Uncovering the occurrence rate of terrestrial planets within the habitable zone (HZ) of their host stars has been a particular focus of exoplanetary science in recent years. The statistics of these occurrence rates have been mainly derived from transiting planet discoveries.
A new study explored the width of the habitable zone as a function of spectral type and the dynamical constraints on the number of stable orbits within the habitable zone for a given star.
Scientists from the UC Riverside have demonstrated a model in which they simulated planets of various sizes orbiting their stars. An algorithm accounted for gravitational forces and helped test how the planets interacted with each other over millions of years.
The model suggested that other stars could have as many as seven Earth-like planets in the absence of a gas giant like Jupiter.
UC Riverside astrobiologist Stephen Kane said, “More than seven, and the planets become too close to each other and destabilize each other’s orbits.”
Then why this principle does not apply to our solar system? It helps if the planets’ movement is circular rather than oval or irregular, minimizing any close contact and maintain stable orbits.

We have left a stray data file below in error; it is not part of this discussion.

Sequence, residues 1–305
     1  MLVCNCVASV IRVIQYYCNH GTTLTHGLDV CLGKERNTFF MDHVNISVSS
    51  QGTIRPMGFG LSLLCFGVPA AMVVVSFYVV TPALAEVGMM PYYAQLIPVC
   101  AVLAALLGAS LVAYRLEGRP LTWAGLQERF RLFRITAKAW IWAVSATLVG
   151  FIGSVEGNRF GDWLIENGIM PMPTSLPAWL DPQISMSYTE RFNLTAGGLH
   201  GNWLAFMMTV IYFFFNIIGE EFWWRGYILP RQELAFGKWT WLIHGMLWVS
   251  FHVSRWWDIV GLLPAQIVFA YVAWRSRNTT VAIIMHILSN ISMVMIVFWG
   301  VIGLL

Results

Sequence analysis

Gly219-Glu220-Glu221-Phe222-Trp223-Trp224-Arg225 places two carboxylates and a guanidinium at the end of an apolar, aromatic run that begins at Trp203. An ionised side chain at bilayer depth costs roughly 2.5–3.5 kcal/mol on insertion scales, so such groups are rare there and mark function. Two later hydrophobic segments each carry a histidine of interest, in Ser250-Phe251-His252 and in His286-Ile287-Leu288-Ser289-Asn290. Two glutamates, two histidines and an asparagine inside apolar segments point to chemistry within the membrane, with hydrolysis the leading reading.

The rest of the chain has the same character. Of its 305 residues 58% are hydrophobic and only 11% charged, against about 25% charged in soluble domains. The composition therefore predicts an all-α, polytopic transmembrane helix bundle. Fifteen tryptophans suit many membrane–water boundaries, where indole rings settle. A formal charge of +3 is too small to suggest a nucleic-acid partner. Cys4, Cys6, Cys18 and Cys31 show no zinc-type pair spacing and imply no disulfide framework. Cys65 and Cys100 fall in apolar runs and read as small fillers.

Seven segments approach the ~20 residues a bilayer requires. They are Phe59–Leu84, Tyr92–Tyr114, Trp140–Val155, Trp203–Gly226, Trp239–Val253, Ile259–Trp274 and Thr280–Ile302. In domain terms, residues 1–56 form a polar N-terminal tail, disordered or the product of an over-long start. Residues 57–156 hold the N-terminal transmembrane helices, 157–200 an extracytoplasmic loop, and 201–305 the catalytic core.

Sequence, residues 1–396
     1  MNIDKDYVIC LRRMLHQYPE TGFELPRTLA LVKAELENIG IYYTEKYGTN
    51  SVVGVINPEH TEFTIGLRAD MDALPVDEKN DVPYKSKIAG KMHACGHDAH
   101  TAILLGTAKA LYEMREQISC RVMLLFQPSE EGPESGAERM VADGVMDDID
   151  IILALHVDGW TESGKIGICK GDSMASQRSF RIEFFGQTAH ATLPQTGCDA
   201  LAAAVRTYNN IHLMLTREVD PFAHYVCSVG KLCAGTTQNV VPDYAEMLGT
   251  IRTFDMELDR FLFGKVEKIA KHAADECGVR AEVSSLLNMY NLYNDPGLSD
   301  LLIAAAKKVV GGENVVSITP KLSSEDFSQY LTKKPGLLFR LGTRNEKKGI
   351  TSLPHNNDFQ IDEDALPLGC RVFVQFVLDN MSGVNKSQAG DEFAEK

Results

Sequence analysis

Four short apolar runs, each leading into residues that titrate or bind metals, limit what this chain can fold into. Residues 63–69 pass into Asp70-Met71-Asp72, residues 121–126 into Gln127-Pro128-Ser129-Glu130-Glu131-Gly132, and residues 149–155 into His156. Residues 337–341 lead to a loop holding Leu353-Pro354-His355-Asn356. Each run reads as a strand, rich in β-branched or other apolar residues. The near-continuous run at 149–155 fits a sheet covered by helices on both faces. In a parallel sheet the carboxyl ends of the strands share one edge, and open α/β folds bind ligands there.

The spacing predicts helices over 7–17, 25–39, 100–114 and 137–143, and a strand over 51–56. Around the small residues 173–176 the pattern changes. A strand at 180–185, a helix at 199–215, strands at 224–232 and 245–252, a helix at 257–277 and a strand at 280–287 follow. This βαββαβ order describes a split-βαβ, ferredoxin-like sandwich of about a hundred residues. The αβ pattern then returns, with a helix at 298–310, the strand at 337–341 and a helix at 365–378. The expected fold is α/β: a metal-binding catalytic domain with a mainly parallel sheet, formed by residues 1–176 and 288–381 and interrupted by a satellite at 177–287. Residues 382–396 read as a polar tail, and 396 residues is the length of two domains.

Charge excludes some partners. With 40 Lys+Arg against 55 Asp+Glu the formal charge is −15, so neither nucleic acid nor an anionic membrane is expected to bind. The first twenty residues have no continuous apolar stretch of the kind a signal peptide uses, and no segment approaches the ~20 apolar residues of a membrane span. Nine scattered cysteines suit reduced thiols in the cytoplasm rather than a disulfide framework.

Kane also suspects Jupiter, which has a mass two-and-a-half times that of all the other planets in the solar system combined, limited our system’s habitability.
He said, “It has a big effect on the habitability of our solar system because it’s massive and disturbs other orbits.”
In the future, Kane is planning to look for new stars surrounded by smaller planets. These stars will be prime targets for direct imaging with NASA telescopes like the one at Jet Propulsion Laboratory’s Habitable Exoplanet Observatory.
During the study, Kane identified one such star, Beta CVn, which is relatively close by at 27 light-years away. Because it doesn’t have a Jupiter-like planet, it will be included as one of the stars checked for multiple habitable zone planets.
Future studies will also involve the creation of new models that examine the atmospheric chemistry of habitable-zone planets in other star systems.
Kane said, “Although we know Earth has been habitable for most of its history, many questions remain regarding how these favorable conditions evolved with time and the specific drivers behind those changes. By measuring the properties of exoplanets whose evolutionary pathways may be similar to our own, we gain a preview into the past and future of this planet — and what we must do to main its habitability.”
- Stephen R. Kane et al. Dynamical Packing in the Habitable Zone: The Case of Beta CVn. DOI: 10.3847/1538-3881/ab9ffe